To test the impact of acetaminophen on loss aversion, 95 students were randomly assigned to take either 1000 mg of acetaminophen or a placebo. They completed questionnaires, allowing time for peak plasma concentration. Every student received a mug and told that the mug was theirs to keep (“endowed subjects”) or that the mug was property of the laboratory. Per request of the investigator, subjects then stared at the mug for 30 seconds to be prepared for later questioning. This exercise allowed the “endowed subjects” to develop an attachment to their new possession. The investigator then explained a selling activity and asked subjects to write down the price they would list for the mug.

The endowed subjects who had taken acetaminophen wrote lower selling prices than their placebo counterparts. This result suggests that the loss aversion (the discomfort associated with selling a possession) is somewhat mitigated by the presence of acetaminophen. Additionally, the endowed, acetaminophen-taking subjects gave the lowest price than the other three groups (placebo-endowed, acetaminophen-non-endowed, placebo-non-endowed) combined. In fact, both acetaminophen groups set lower prices than their placebo counterparts.

This experiment was replicated again yielding similar results. Therefore, our research shows that reducing physical pain through the use of acetaminophen reduces the pain or discomfort associated with loss aversion.

Conclusion

Our research implicates the potential benefits acetaminophen can have in scenarios of psychological discomfort, specifically cognitive dissonance and loss aversion. When faced with competing alternatives in the real estate market, both real estate professionals and clients could potentially lessen the discomfort of choosing through the use of acetaminophen. Additionally, the pain of losing a treasured home, which drives clients to set unrealistically sale prices, may be lessened through the use of acetaminophen. Daily decisions, life events, and comparable alternatives are sources of pain and pervasive in the real estate industry. Our research shows that when facing a “headache” in the real estate industry, professionals and clients may wish to consider dealing with the psychological pain with a physical painkiller.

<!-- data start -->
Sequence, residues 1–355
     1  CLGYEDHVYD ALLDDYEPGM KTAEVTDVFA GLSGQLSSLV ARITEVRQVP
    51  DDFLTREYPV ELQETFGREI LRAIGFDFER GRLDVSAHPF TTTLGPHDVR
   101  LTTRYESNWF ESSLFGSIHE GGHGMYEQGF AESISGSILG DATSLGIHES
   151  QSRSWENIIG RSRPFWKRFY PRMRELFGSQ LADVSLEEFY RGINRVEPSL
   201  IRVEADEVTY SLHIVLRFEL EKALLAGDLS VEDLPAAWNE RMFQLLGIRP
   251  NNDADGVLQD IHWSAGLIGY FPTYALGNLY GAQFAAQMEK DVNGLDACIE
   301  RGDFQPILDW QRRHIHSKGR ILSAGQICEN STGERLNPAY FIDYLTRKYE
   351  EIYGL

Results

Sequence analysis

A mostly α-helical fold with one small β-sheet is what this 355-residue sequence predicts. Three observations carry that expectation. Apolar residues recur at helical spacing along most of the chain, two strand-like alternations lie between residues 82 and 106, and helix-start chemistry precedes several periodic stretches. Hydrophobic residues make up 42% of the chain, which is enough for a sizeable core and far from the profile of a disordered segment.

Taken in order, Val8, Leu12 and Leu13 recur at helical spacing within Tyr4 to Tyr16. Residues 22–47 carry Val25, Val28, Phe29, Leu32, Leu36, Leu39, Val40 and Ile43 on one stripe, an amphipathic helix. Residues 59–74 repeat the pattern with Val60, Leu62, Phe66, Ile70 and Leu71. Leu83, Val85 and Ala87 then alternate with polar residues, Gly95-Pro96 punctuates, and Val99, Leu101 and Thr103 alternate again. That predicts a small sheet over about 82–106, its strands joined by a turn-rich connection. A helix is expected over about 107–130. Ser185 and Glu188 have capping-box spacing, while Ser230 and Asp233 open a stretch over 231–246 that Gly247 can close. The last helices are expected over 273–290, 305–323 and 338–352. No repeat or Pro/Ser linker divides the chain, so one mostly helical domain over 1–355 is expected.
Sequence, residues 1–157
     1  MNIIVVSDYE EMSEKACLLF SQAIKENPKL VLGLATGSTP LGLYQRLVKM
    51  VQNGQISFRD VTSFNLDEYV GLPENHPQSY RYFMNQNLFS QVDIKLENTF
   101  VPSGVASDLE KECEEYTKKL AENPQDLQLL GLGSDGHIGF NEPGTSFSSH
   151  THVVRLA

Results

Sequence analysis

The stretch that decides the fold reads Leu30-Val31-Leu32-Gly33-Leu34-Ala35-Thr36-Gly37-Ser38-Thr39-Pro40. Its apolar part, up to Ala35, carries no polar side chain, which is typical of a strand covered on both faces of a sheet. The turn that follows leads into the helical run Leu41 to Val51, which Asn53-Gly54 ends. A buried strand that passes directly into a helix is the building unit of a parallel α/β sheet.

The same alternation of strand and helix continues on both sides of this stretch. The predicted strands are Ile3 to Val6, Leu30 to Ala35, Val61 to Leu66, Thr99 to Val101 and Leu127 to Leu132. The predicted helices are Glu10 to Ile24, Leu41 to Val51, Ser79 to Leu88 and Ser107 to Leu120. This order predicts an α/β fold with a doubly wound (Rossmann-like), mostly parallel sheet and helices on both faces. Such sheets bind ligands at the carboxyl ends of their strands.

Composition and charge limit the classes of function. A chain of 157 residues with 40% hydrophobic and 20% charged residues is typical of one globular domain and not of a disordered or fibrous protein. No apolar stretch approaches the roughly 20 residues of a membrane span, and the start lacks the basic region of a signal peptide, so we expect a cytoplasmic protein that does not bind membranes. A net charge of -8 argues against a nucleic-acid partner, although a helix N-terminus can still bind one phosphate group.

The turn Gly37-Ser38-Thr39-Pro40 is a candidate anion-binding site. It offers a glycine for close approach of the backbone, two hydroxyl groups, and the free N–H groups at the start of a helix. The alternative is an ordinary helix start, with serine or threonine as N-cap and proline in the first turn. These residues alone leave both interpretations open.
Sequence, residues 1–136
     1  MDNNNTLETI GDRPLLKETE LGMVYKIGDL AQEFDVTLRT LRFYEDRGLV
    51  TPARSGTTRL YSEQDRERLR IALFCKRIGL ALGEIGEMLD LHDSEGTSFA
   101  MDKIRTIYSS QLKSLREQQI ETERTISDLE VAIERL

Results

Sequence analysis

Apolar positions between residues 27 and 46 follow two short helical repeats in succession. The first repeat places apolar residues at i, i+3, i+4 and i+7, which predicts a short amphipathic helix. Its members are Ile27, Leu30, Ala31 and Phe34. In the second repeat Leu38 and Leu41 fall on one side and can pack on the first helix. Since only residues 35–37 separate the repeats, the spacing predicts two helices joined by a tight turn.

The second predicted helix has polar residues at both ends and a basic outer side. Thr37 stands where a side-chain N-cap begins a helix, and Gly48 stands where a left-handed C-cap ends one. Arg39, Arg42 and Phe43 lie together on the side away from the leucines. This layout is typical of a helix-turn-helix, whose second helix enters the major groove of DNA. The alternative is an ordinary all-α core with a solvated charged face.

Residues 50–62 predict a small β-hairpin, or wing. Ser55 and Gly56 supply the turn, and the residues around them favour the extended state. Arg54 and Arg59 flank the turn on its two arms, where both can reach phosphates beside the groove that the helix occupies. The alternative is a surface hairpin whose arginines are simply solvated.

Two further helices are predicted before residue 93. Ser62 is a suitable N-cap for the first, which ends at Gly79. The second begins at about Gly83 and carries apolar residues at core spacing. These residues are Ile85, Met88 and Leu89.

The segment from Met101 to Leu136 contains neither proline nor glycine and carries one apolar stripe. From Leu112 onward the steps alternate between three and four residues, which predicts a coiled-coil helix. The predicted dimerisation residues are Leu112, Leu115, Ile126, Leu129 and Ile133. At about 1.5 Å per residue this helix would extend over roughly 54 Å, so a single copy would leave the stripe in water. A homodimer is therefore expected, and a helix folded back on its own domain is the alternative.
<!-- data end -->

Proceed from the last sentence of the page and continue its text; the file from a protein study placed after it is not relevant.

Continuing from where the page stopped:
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Recommended Reading

DeWall, C. Nathan, D.S. Chester, & D.S. White (2015), “Can Acetaminophen Reduce the Pain of Decision Making?” Journal of Experimental Social Psychology, 56 (January), 117-120.

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About the Authors

C. Nathan DeWall, PhD
Professor of Psychology, Department of Psychology, University of Kentucky
C. Nathan DeWall (PhD in psychology from Florida State) is a Professor of Psychology and Head of the Social Psychology Area at the University of Kentucky. His research interests include human relationships, self-regulation, social neuroscience, and aggression.

David S. Chester, PhD Candidate
Department of Psychology, University of Kentucky
David S. Chester (MS in psychology from University of Kentucky) is a doctoral candidate at the University of Kentucky. His research has been published in the Journal of Experimental Social Psychology, Social Cognitive and Affective Neuroscience, and NeuroImage.

Dylan S. White, BA
Department of Psychology, University of Kentucky
Dylan S. White (BA in psychology from University of Kentucky) is an honors student at the University of Kentucky. His research has been published in the Journal of Experimental Social Psychology.